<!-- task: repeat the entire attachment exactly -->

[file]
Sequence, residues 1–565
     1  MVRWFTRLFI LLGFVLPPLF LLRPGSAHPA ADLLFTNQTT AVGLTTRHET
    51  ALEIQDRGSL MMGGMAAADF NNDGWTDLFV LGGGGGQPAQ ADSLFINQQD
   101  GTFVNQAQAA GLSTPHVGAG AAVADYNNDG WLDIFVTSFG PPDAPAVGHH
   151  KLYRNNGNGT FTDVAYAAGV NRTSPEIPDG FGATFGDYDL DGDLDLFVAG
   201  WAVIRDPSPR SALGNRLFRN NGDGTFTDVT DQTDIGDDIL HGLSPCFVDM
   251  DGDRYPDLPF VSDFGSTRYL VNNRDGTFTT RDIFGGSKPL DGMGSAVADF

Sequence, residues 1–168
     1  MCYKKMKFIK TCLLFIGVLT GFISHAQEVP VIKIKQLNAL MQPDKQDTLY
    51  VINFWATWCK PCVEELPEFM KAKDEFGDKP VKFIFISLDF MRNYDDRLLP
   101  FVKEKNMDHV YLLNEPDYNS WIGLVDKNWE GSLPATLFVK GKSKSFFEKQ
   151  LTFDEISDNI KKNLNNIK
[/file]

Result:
Sequence, residues 1–565
     1  MVRWFTRLFI LLGFVLPPLF LLRPGSAHPA ADLLFTNQTT AVGLTTRHET
    51  ALEIQDRGSL MMGGMAAADF NNDGWTDLFV LGGGGGQPAQ ADSLFINQQD
   101  GTFVNQAQAA GLSTPHVGAG AAVADYNNDG WLDIFVTSFG PPDAPAVGHH
   151  KLYRNNGNGT FTDVAYAAGV NRTSPEIPDG FGATFGDYDL DGDLDLFVAG
   201  WAVIRDPSPR SALGNRLFRN NGDGTFTDVT DQTDIGDDIL HGLSPCFVDM
   251  DGDRYPDLPF VSDFGSTRYL VNNRDGTFTT RDIFGGSKPL DGMGSAVADF

Sequence, residues 1–168
     1  MCYKKMKFIK TCLLFIGVLT GFISHAQEVP VIKIKQLNAL MQPDKQDTLY
    51  VINFWATWCK PCVEELPEFM KAKDEFGDKP VKFIFISLDF MRNYDDRLLP
   101  FVKEKNMDHV YLLNEPDYNS WIGLVDKNWE GSLPATLFVK GKSKSFFEKQ
   151  LTFDEISDNI KKNLNNIK